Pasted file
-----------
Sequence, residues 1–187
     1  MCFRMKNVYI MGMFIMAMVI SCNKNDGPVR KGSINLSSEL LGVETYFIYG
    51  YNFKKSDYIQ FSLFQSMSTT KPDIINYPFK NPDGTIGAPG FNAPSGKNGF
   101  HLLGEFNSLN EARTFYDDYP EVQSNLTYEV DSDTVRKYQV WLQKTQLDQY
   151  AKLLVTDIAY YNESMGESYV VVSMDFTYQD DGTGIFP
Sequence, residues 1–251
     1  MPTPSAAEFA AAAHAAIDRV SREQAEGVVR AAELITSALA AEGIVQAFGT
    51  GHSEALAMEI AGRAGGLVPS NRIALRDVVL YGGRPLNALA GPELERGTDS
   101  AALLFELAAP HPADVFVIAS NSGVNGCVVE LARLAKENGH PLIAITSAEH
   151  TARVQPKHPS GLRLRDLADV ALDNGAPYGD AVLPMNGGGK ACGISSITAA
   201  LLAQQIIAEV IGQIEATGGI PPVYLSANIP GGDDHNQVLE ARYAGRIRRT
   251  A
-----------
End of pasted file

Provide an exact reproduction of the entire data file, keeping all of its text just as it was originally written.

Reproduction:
Sequence, residues 1–187
     1  MCFRMKNVYI MGMFIMAMVI SCNKNDGPVR KGSINLSSEL LGVETYFIYG
    51  YNFKKSDYIQ FSLFQSMSTT KPDIINYPFK NPDGTIGAPG FNAPSGKNGF
   101  HLLGEFNSLN EARTFYDDYP EVQSNLTYEV DSDTVRKYQV WLQKTQLDQY
   151  AKLLVTDIAY YNESMGESYV VVSMDFTYQD DGTGIFP
Sequence, residues 1–251
     1  MPTPSAAEFA AAAHAAIDRV SREQAEGVVR AAELITSALA AEGIVQAFGT
    51  GHSEALAMEI AGRAGGLVPS NRIALRDVVL YGGRPLNALA GPELERGTDS
   101  AALLFELAAP HPADVFVIAS NSGVNGCVVE LARLAKENGH PLIAITSAEH
   151  TARVQPKHPS GLRLRDLADV ALDNGAPYGD AVLPMNGGGK ACGISSITAA
   201  LLAQQIIAEV IGQIEATGGI PPVYLSANIP GGDDHNQVLE ARYAGRIRRT
   251  A